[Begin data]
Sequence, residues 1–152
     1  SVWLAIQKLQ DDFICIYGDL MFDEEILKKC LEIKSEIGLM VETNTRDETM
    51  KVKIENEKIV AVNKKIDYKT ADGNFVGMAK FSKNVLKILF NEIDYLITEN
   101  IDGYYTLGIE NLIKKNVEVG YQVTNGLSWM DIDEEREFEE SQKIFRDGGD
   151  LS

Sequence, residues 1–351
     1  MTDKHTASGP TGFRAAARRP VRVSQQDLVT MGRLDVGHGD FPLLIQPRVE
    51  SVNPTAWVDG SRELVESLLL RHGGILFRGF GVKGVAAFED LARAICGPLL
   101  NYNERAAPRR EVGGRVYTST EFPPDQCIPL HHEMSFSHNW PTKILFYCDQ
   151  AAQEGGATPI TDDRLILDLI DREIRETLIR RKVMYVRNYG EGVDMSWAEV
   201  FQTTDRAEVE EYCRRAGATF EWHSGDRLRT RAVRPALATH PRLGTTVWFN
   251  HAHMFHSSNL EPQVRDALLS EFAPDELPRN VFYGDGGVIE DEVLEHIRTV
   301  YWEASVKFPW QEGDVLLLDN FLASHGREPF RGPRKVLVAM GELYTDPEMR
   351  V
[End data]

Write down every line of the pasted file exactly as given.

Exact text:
Sequence, residues 1–152
     1  SVWLAIQKLQ DDFICIYGDL MFDEEILKKC LEIKSEIGLM VETNTRDETM
    51  KVKIENEKIV AVNKKIDYKT ADGNFVGMAK FSKNVLKILF NEIDYLITEN
   101  IDGYYTLGIE NLIKKNVEVG YQVTNGLSWM DIDEEREFEE SQKIFRDGGD
   151  LS

Sequence, residues 1–351
     1  MTDKHTASGP TGFRAAARRP VRVSQQDLVT MGRLDVGHGD FPLLIQPRVE
    51  SVNPTAWVDG SRELVESLLL RHGGILFRGF GVKGVAAFED LARAICGPLL
   101  NYNERAAPRR EVGGRVYTST EFPPDQCIPL HHEMSFSHNW PTKILFYCDQ
   151  AAQEGGATPI TDDRLILDLI DREIRETLIR RKVMYVRNYG EGVDMSWAEV
   201  FQTTDRAEVE EYCRRAGATF EWHSGDRLRT RAVRPALATH PRLGTTVWFN
   251  HAHMFHSSNL EPQVRDALLS EFAPDELPRN VFYGDGGVIE DEVLEHIRTV
   301  YWEASVKFPW QEGDVLLLDN FLASHGREPF RGPRKVLVAM GELYTDPEMR
   351  V